Marginalization in COVID-19 data is also attributable to limitations associated with the data collection processes and infrastructures, such as the poor quality of COVID-19 test kits. Faulty test kits which produce inaccurate results could potentially misrepresent individuals and population groups as immune to COVID-19, hence excluding them from the provision of treatments and mobility restrictions requirements.

    Companies and governments worldwide are tapping the location data of millions of internet and mobile phone users for tracking symptoms, contact tracing, tracking the spread of COVID-19 and monitoring whether containment measures are working. These COVID-19 data initiatives use mobile location data collected from cellphone towers, the global positioning system (GPS), and Bluetooth. However, with almost half of the world’s population remaining offline, reliance on digital technologies in COVID-19 tracking can leave unconnected populations uncounted in the COVID-19 data – we call these populations, the “unheard voices”.

    Besides marginalization that occurs during the COVID-19 data collection phase, several cases have also demonstrated how marginalization and exclusion can creep in during the data analysis phase, to the detriment of the “ignored voices”. For instance, the lack of disaggregated data and diversity-sensitive analysis needed to measure COVID-19’s impact on different gender, racial, and ethnic groups, as well as on people with disabilities makes it difficult to facilitate targeted policies. Such diversity-sensitive data analysis is important for devising more equitable COVID-19 responses. Further, the use of Artificial Intelligence solutions for informing COVID-19 decision and responses has been shown to have the potential to perpetuate biasesdisparities and marginalization.

    Finally, in the data use phase, marginalization concerns centre around the limit of COVID-19 data use, reuse, retention, and deletion. Given the urgency of the current pandemic, many of the current data initiatives have focused on the supply side of data. These initiatives focus on what data, including personal data, can be collected, and used without demand-side considerations of purpose limitation and data minimization. Contact-tracing apps have been criticized for potentially enabling government agencies to use collected data beyond COVID-19 response purposes and for a general lack of technical transparency and accountability. Further, in many countries, the needs of specific stakeholders, such as policymakers and public health professionals, have superseded and been elevated above the needs of the citizens, especially with regards to data justice concerns. COVID-19 data valorization has likewise primarily been targeted towards government stakeholders, including policymakers, with less attention paid to how the data can directly benefit the individual “public concerned” who the data is about.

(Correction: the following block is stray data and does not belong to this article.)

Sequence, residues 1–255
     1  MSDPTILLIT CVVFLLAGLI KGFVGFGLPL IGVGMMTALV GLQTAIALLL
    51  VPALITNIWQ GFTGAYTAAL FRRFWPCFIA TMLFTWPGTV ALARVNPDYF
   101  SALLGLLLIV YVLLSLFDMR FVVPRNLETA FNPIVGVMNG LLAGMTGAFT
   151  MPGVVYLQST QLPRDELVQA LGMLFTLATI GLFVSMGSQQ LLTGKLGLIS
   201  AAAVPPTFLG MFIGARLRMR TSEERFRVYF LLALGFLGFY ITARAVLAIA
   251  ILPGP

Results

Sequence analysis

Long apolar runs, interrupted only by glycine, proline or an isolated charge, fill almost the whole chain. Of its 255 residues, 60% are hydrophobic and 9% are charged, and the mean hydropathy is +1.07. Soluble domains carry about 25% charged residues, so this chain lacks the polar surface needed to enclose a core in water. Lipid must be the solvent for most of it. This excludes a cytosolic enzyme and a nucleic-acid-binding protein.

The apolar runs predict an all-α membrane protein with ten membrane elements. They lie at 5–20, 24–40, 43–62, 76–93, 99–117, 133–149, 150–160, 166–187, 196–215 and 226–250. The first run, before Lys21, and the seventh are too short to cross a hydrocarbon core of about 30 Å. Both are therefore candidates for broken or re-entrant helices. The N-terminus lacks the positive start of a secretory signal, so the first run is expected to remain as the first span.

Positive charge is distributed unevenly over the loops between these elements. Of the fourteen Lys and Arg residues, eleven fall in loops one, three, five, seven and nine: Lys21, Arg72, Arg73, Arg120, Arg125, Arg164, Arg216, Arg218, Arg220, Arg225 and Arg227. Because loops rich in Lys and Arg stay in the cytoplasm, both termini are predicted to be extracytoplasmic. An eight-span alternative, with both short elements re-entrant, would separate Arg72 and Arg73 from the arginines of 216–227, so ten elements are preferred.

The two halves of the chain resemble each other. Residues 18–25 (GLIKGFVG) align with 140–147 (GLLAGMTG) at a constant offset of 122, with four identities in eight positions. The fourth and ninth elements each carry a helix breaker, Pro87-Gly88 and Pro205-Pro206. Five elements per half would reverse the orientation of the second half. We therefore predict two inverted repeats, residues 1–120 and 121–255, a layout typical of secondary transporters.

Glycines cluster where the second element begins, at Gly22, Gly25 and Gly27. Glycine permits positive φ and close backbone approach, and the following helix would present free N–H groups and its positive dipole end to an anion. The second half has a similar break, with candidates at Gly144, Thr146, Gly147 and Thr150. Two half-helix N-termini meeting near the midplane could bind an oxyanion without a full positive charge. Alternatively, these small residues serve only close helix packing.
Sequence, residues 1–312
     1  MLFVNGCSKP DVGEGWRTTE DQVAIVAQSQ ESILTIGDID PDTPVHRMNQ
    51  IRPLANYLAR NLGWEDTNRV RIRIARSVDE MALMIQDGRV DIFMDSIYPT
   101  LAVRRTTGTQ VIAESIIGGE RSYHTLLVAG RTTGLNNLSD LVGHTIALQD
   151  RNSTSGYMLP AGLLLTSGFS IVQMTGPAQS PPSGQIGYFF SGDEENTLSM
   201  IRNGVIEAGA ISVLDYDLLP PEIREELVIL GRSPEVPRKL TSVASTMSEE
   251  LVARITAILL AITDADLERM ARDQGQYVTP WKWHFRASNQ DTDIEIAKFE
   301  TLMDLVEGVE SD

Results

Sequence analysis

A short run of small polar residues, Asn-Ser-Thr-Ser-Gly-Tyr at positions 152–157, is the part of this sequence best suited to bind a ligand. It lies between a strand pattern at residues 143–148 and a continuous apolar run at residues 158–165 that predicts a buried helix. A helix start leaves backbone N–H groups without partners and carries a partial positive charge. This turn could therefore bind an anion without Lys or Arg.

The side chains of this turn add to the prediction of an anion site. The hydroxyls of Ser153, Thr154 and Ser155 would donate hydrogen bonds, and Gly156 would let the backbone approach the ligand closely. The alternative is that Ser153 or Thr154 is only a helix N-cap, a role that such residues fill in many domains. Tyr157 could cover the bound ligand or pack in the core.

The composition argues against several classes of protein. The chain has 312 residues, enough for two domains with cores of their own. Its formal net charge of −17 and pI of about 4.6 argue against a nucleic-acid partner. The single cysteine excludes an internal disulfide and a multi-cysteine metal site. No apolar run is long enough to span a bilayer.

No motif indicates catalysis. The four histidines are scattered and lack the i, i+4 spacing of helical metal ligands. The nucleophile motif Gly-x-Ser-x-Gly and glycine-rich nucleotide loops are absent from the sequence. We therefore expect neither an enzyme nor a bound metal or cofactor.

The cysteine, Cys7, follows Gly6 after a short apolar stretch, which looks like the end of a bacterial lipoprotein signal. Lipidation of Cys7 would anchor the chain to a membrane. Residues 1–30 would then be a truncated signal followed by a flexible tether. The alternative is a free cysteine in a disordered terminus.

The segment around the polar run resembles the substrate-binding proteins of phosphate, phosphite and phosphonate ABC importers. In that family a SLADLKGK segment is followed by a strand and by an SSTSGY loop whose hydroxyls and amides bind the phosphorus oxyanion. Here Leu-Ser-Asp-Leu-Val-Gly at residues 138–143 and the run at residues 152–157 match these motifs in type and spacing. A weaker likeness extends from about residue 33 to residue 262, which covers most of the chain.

With less than a decade to 2030, towards the achievement of the Sustainable Development Goals, the ongoing COVID-19 pandemic has been an excellent litmus test of the ability of countries and the global community to harness resources, including data and technology, towards addressing pressing global challenges. The pandemic is also highlighting the importance of considering data assemblages, beyond just the data, in employing data solutions towards addressing significant global challenges and achieving inclusive and sustainable global development. The upcoming UN World Data Forum, which brings together data and statistics experts from around the world, foregrounds the agenda of inclusion and participation (under the “Leaving no one behind” thematic area) and provides an opportunity for the global community to deliberate and formulate solutions that ensure visibility and give voice to the marginalized and excluded population groups.

    This article was originally published on the UN World Data Forum Blog.